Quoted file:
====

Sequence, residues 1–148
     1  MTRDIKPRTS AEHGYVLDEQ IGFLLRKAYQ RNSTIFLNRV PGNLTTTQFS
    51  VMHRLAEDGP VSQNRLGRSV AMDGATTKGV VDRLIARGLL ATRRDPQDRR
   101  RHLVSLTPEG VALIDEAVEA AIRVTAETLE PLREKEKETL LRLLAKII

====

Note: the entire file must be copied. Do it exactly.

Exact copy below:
Sequence, residues 1–148
     1  MTRDIKPRTS AEHGYVLDEQ IGFLLRKAYQ RNSTIFLNRV PGNLTTTQFS
    51  VMHRLAEDGP VSQNRLGRSV AMDGATTKGV VDRLIARGLL ATRRDPQDRR
   101  RHLVSLTPEG VALIDEAVEA AIRVTAETLE PLREKEKETL LRLLAKII